It's amazing how little accessories like good set
supple rounded IDE cables, can make you feel good about a new motherboard.
The thinking must be that if Foxconn can get the small details right, then it must have a handle on the bigger picture too. Right...? From what you're about to see of this Intel 975X Express based Foxconn motherboard running with an Intel Core 2 Duo E6600 processor, this bright red platform could be the makings of one very nice workstation computer!
The flagship Foxconn 975X7AB-8EKRS2H
motherboard is a prime example of what Foxconn can do. Based on the Intel
975X Express and ICH7R chipsets, the board supports all Socket
775 Intel CPUs from the Celeron D to the Pentium 4/D/XE, and of course Core
2 Duo. The 975X Express chipset operates with a 800/1066MHz Front Side Bus
(FSB). It features 3GB/s SATA II RAID (0, 1, 5, 0+1) so you can hook up as
many as four SATA hard drives like the Western Digital WD740
Raptor together for data
redundancy in RAID 1, or the pure speed of RAID 0. A 'JMB361' controller
brings a secondary IDE channel into the fold, so along with the
one Intel's core logic has graciously provided, up to four IDE
devices are supported. On board memory is skewed for dual channel
pairs of DDR-II RAM of course, and as much as 8GB of PC2-800/667/533 memory
can be installed. PCSTATS will be using 2GB of Corsair
Twin2X2048-6400C4 in the Foxconn 975X7AB-8EKRS2H test system
today, and with Microsoft Windows Vista on the horizon I wouldn't
recommend building a new system with any less than 1GB RAM.
Off the shelf, the Foxconn 975X7AB-8EKRS2H comes with the
"-8EKRS2H" feature set; 8 for 8-channel High Definition 'Azalia' audio, E
for IEEE1394 Firewire, K for dual Gigabit LAN, R for RAID of course, S
for plenty of Serial ATA II hard drive support, 2 for DDR-2 and H because
this slab of solder and circuits is RoHS compliant. A closer examination
reveals four internal SATAII channels, one external (eSATA) jack for external data storage devices,
eight 480Mbps USB2.0 ports (four at rear & four headers) and two 400mbps Firewire ports.
Despite the high level of integration already present,
the Foxconn 975X7AB-8EKRS2H still has plenty of expansion options available for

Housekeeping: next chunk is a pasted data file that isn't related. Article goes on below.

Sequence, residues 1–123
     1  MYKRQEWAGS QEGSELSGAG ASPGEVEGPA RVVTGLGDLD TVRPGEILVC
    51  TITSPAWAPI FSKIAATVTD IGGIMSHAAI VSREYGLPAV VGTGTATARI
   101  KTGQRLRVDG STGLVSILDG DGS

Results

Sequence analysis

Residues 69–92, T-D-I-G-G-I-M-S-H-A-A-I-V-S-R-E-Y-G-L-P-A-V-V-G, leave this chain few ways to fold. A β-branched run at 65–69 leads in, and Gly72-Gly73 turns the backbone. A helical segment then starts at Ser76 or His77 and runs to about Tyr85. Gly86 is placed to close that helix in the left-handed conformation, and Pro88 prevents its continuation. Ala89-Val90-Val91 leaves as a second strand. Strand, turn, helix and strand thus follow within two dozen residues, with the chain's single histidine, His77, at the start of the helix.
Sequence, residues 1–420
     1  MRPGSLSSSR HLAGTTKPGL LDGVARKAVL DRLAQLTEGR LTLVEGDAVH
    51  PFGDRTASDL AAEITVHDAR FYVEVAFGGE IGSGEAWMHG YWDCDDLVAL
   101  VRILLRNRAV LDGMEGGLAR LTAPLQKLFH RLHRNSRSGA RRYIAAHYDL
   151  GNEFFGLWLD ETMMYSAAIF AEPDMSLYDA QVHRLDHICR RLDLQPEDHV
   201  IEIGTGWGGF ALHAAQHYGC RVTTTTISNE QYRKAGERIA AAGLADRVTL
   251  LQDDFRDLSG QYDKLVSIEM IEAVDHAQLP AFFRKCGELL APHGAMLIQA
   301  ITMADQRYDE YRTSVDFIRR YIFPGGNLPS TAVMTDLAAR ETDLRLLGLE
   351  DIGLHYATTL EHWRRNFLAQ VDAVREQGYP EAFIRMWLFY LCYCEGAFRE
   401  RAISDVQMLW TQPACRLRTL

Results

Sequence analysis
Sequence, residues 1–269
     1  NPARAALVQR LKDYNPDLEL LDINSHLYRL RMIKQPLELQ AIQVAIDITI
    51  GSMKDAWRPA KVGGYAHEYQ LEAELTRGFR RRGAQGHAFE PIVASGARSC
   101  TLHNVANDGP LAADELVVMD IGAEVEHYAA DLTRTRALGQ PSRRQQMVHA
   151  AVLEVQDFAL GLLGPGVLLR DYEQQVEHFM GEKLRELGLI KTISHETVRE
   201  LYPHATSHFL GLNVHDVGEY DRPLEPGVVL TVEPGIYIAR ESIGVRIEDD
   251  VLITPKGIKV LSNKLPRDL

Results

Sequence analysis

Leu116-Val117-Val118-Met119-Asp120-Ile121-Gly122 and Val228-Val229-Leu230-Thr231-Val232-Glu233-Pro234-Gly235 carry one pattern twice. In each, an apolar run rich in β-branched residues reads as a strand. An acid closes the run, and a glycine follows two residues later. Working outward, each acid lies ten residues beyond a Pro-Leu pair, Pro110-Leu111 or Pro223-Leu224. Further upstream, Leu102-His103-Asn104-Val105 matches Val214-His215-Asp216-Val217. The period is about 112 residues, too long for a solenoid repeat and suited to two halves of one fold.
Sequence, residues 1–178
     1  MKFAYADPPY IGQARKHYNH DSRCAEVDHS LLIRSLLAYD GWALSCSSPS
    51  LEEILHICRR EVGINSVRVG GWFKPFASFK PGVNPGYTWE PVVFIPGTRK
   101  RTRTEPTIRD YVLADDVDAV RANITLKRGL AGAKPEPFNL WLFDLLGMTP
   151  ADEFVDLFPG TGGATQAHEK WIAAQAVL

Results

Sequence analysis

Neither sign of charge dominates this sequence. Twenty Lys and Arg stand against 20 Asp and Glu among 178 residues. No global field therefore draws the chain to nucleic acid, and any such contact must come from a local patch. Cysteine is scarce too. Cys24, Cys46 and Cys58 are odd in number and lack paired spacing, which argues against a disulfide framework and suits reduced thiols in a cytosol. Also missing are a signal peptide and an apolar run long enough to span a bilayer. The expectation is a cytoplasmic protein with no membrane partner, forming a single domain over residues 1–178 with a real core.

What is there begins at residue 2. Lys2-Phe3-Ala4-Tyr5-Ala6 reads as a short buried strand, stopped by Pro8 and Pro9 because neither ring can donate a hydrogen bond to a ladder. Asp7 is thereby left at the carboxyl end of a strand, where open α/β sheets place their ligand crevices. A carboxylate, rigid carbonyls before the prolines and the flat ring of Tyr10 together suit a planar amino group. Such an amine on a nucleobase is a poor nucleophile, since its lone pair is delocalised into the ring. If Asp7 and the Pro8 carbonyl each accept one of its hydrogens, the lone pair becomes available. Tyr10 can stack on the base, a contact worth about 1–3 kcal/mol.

additional cards. Along with the two PCI
Express x16 slots for videocards are two PCI Express x1 slots for high bandwidth peripherals, and two 32-bit PCI slots for legacy hardware. The 975X7AB-8EKRS2H is ATi CrossFire compatible. If you have two ATI videocards that can be configured for Crossfire mode, each videocard would receive half of the PCI Express x16 bus, or in other words eight PCI Express lanes apiece. All of this will run you about $220 CDN ($200 US, £106 GBP).
The board layout of the Foxconn 975X7AB-8EKRS2H is
virtually identical to that of the Foxconn 975X7AA-8EKRS2H motherboard
which PCSTATS has also tested. It's a good layout, it's easy to access component
like the DDR-II modules when the system is fully packed, and cables and
connectors are pushed towards the outer edges where they don't get in the way.
This full sized ATX motherboard measures in at 305 x 244 mm for those who need
to know. The Intel 975X Express and ICH7R get particularly toasty,
and for cooling
we find an active Northbridge heatsink and low profile passive Southbridge
heatsink. PCSTATS would also advise good case cooling habits; the extra heat
dumped into the chassis by twin ATI Radeon X1950 Pro videocards, the processor,
and a rack full of SATA hard drives is significant. A box like the Asus
Vento 3600 could be just the ticket, though it's far too flashy for most offices.
To ease installation headaches, ports and connectors and jacks on the Foxconn 975X7AB-8EKRS2H are colour coordinated. Memory DIMM slots are paired to indicate which are channel A, and which are channel B. Other bits and bobs like the USB 2.0, IEEE 1394a, and IDE & SATA connectors are all in matching shades. The case front panel I/O connector pins are suitably labelled too.
Power Supply and Wattage Demands
Legacy ATX 1.4 spec power supplies (given away by a
20-pin main ATX power connector) will still work with the Foxconn
975X7AB-8EKRS2H motherboard. Just make sure it has enough at least
30A+ capacity on the 12V line. Otherwise it's best to use an ATX 2.0 spec
power supply (noted by the 24-pins of its main ATX connector) power
supply, like the modular cable Seasonic M12 700W, or PC Power & Cooling's monster Turbo-Cool 510W Express/SLI which is great for any system running power hungry dual videocards. Either of these recommendations has the ESP12V connector. Most high end motherboards call for the EPS12V connector to deliver a stable and sufficient supply of power to the CPU, and realistically sooner or later legacy support for just a 4-pin auxiliary power connector is going to get dropped.
The Intel 975X Express is a dual purpose chipset,
meaning it is intended to be used in both the high end desktop
and workstation computer markets. Such as that is, the 975X Express supports ECC memory in case you need the extra reassurance Error Correcting Code DDR-II can provide. Which ever memory you select, it's important to note that you cannot mix and match ECC and non-ECC memory!
Next up, some simple accessories that have PCSTATS staffers all